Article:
Language selection


Waste Management Facilities: Requirements for Disposing of Cattle Material

This page is part of the Guidance Document Repository (GDR).

Looking for related documents?
Search for related documents in the Guidance Document Repository

On July 12, 2007, enhanced animal health safeguards came into effect to help eliminate bovine spongiform encephalopathy (BSE), or mad cow disease, from Canada. Certain cattle tissues capable of transmitting BSE, known as specified risk material (SRM), are banned from all animal feeds, pet foods and fertilizers. There are also requirements for anyone disposing of cattle remains.

A CFIA permit is required to accept and dispose of:

Application for permit

What are SRM?

SRM are defined as:

From a CFIA perspective, SRM should neither be considered nor managed as "hazardous material". Using Transport Canada's classification system, samples of SRM sent to laboratories for routine bovine spongiform encephalopathy (BSE) surveillance testing are not deemed to be hazardous material, thus SRM in general should be classified in the same manner.

Requirements for accepting and disposing of SRM

Any waste management facility choosing to accept SRM in any form must first apply to the Canadian Food Inspection Agency (CFIA) for a permit. There are specific construction and operating requirements for facilities handling this material.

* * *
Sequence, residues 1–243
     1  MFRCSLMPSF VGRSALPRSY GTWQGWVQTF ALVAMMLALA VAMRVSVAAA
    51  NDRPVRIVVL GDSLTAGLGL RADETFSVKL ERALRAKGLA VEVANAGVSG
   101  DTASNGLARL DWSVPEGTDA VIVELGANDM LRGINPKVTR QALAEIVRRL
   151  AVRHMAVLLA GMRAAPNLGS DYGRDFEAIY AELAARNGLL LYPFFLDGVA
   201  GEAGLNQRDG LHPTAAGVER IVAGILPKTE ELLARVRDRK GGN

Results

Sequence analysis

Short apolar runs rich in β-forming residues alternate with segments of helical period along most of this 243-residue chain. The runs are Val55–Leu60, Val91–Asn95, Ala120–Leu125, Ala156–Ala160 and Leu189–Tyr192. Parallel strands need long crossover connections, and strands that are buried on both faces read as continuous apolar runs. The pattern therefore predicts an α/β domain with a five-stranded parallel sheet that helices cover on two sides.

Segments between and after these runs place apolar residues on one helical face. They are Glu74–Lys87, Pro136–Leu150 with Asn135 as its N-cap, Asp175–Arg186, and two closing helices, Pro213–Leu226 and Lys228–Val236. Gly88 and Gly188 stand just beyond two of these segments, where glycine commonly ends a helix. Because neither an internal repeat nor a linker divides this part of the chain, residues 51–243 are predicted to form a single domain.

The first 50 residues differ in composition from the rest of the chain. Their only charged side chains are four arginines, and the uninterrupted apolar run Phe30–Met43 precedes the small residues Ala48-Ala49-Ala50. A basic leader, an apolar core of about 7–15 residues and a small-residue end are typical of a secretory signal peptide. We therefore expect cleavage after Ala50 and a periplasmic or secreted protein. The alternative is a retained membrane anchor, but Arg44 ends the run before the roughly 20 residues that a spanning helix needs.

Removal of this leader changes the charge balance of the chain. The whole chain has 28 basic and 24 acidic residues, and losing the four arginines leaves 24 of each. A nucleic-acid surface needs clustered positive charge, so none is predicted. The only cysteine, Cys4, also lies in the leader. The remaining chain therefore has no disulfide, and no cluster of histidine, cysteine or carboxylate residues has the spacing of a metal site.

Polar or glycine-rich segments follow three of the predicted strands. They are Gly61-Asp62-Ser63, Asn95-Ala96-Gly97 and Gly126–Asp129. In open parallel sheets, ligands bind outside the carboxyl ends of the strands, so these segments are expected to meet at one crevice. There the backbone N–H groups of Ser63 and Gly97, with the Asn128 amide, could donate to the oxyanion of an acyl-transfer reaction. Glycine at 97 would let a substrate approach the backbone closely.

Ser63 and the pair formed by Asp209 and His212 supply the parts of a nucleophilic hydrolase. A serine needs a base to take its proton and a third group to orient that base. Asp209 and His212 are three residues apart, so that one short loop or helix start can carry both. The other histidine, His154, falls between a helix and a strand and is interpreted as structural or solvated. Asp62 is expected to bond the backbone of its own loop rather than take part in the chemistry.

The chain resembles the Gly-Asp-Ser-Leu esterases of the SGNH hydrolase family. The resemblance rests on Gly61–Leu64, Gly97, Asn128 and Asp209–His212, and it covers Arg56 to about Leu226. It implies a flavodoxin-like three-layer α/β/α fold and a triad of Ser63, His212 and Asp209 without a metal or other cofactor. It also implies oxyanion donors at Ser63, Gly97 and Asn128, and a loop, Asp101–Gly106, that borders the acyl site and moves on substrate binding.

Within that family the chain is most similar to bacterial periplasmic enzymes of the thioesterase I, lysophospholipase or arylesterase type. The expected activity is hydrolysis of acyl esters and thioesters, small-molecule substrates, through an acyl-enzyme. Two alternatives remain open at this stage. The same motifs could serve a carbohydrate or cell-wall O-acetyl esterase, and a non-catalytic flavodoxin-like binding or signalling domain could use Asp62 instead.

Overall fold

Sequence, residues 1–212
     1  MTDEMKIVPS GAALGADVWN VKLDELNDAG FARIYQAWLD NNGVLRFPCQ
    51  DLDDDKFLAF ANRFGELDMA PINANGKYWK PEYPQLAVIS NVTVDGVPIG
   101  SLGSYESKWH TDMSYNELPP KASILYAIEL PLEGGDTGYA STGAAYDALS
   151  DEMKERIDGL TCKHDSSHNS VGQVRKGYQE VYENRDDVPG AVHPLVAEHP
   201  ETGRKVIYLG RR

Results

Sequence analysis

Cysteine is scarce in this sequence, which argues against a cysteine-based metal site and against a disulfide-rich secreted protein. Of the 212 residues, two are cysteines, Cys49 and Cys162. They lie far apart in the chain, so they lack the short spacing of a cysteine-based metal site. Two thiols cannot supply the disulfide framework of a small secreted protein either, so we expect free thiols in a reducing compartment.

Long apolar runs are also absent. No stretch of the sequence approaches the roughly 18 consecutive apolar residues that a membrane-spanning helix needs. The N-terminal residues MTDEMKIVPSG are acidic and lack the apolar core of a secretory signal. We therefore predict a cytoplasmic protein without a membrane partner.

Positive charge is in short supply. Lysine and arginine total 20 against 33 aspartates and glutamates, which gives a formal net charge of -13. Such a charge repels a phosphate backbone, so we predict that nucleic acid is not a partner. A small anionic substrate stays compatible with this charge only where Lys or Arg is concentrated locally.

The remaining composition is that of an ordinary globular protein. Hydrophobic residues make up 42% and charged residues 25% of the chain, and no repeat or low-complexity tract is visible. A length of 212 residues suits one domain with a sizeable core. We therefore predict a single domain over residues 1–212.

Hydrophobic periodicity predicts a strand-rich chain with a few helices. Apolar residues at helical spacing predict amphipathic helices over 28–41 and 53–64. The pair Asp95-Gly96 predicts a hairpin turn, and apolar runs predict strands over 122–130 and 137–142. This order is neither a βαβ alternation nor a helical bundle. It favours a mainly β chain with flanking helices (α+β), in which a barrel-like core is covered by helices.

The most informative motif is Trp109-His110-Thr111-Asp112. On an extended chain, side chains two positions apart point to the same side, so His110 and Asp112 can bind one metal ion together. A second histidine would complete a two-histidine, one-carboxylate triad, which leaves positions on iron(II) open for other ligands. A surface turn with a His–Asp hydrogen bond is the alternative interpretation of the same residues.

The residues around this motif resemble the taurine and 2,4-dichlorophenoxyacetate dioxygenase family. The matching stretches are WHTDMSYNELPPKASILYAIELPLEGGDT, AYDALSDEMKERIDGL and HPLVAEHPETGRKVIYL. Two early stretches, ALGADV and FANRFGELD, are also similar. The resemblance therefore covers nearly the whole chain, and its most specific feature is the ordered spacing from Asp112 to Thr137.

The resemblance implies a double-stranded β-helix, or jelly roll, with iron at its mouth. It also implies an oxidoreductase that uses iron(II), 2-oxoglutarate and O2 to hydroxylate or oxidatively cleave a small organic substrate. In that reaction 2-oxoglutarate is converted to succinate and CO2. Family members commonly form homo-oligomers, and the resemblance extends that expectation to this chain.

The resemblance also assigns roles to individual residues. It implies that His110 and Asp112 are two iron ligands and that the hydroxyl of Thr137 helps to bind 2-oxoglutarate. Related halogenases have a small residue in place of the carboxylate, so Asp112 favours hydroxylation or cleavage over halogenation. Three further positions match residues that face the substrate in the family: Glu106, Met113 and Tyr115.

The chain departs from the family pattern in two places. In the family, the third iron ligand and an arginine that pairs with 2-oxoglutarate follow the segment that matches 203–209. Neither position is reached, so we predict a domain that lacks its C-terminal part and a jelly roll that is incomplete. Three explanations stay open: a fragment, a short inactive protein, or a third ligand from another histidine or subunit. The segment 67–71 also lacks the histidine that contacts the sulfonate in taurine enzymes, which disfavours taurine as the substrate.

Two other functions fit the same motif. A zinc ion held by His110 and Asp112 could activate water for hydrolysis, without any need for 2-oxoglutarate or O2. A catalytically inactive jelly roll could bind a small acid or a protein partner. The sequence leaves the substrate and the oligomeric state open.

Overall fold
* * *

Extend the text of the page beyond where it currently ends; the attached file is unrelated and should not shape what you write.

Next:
Disposal must either destroy or permanently contain SRM. Proposed disposal procedures must be assessed by the CFIA to present, at most, only a very low risk of potential BSE transmission.

Permits will only be issued after a CFIA inspector has determined that all requirements have been met.

A CFIA permit is also required to transport any SRM, including cattle carcasses containing SRM. A visible stripe must be applied down carcasses' backs, and all SRM must be stained. Waste management facilities must not accept cattle deadstock or SRM in any form from anyone not possessing a CFIA permit.

Date modified: